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Devon’s role in the suffrage movement of 100 years ago

PUBLISHED: 15:33 05 February 2018 | UPDATED: 09:57 06 February 2018

This illustration by Clare Willcocks shows an open-air rally in Exeter by the NUWSS during a 1913 pilgrimage to London. Based on a photograph from the Mary Evans Collection, with permission.

This illustration by Clare Willcocks shows an open-air rally in Exeter by the NUWSS during a 1913 pilgrimage to London. Based on a photograph from the Mary Evans Collection, with permission.


A century after the Representation of the People Act was passed, author Tracey Glasspool reveals how the campaign for women’s suffrage had been bitterly contested in Devon

On 6 February 1918, suffrage supporters celebrated partial success in the long battle for votes for women. The Representation of the People Act enfranchised women over 30 who met certain qualifications, following decades of peaceful marches, militant protests, arrests, violence and death.

The suffrage campaign had touched every corner of the country and was divided into two camps: Millicent Fawcett’s Suffragists of the National Union of Women’s Suffrage Societies (NUWSS) and the militant Suffragettes of Emmeline Pankhurst’s Women’s Social and Political Union (WSPU). Active branches of both groups formed throughout Devon.

In January 1908, a by-election was held in the Mid-Devon constituency which included the towns of Newton Abbot, Bovey Tracey, Teignmouth, and Dawlish. The seat was considered a safe Liberal stronghold but, to the shock of all, the Liberal candidate, Mr Buxton, was defeated by 559 votes.

Some blamed the suffragettes. After the consistent failure of the Liberal government to introduce the franchise for women, the WSPU robustly opposed all Liberal candidates.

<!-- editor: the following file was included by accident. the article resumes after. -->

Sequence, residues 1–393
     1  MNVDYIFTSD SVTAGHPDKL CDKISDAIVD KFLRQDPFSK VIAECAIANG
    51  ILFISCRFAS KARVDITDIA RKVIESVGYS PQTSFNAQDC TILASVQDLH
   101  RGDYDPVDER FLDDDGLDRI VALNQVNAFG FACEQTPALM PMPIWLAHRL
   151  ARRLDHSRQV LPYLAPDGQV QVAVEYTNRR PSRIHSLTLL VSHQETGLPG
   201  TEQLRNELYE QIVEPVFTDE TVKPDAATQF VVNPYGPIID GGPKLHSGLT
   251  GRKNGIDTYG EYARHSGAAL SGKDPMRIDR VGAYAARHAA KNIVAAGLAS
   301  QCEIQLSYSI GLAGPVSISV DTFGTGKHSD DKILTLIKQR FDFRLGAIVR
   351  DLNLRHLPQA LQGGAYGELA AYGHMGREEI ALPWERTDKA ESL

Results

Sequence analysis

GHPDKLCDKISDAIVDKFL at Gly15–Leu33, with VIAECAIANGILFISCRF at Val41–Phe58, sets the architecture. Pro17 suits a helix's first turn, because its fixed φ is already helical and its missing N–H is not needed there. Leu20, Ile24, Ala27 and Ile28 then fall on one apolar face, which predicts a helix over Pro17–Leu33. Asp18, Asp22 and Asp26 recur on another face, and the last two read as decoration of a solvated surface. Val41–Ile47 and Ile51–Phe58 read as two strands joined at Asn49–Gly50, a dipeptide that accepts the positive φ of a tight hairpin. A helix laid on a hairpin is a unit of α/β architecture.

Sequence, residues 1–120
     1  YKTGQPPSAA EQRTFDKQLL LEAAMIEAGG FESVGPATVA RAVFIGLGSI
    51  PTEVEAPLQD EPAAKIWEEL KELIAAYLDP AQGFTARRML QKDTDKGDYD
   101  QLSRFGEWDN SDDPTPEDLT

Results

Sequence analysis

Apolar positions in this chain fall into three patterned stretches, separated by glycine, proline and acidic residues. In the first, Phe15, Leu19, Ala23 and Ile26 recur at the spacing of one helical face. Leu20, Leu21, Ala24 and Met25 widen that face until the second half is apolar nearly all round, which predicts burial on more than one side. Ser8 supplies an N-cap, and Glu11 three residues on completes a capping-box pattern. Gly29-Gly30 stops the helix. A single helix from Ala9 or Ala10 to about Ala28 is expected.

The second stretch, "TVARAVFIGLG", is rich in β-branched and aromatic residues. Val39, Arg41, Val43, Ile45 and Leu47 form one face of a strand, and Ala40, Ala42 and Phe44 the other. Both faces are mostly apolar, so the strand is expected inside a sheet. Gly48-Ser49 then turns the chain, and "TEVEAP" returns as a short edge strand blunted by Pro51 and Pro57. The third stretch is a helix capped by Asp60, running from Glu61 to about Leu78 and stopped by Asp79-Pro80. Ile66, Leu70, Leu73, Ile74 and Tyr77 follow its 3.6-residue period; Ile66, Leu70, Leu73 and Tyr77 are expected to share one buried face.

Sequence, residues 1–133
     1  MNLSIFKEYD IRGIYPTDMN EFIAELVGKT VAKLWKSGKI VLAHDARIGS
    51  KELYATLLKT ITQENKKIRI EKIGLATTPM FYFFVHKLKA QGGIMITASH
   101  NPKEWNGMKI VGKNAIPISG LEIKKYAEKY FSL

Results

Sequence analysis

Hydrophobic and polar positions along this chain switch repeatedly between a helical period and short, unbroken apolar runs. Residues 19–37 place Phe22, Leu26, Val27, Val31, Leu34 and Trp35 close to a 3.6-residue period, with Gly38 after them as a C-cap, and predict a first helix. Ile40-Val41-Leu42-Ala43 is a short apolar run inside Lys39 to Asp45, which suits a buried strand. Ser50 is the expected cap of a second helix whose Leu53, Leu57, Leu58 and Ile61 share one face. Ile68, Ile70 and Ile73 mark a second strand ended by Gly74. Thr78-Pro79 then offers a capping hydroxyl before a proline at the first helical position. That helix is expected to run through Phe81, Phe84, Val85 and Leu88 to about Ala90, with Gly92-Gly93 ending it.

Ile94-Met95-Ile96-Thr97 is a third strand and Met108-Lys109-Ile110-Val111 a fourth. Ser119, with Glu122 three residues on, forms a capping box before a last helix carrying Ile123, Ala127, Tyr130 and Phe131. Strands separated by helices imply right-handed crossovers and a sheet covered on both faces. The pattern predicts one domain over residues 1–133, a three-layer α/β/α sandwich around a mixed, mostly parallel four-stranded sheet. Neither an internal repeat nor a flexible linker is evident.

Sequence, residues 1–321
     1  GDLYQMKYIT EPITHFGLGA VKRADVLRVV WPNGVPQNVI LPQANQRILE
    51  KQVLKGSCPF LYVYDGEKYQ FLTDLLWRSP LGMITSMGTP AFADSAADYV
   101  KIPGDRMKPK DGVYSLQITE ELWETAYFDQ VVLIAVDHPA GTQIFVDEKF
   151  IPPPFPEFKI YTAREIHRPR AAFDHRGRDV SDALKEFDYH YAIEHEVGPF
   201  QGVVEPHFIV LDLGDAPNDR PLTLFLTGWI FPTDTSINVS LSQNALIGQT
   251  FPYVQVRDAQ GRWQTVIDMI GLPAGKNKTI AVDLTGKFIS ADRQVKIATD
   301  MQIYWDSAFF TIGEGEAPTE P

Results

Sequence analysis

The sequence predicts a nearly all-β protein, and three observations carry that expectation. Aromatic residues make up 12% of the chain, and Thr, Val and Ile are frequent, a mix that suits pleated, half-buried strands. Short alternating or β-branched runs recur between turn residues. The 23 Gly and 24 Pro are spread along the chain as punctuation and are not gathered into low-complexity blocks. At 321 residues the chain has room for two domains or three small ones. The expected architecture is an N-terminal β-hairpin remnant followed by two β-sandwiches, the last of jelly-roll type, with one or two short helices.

Anti-Suffrage Postcard (notice in top corner reads ‘Election. Mrs Knowall MP will speak’). (Author’s own) Anti-Suffrage Postcard (notice in top corner reads ‘Election. Mrs Knowall MP will speak’). (Author’s own)

After the declaration, violence erupted. Emmeline Pankhurst and another WSPU member were trapped inside a confectioners shop in Newton Abbot. She later wrote of a gang of men wearing Liberal rosettes shouting: “They did it! Those women did it!” Cornered, the women were beaten to the ground before being rescued by police.

In 1909 three suffragettes, including prominent WSPU member, Elsie Howey, were arrested in Exeter. Hoping to disrupt a Liberal meeting being held at the Rougemont Hotel and urged on by a large crowd, they made several attempts to break through barriers.

Found guilty at trial, they were given the choice of a seven-day prison sentence or a fine. All chose prison and went on hunger strike – WSPU policy for maximum publicity. One of the women was released after four days in a state of near collapse.

In 1911, suffrage societies called for a boycott of the national census, declaring that “women do not count, neither shall we be counted”.

Women's Freedom League Suffrage Banner, 1908-1914.

Dr Mabel Ramsay, a founder member of Plymouth NUWSS, held a census resistance party at her home in Wentworth Villas. Twenty women slept in chairs or on the floor and refused to complete the return. The census page from the National Archives records only the names of Dr Ramsay and her mother.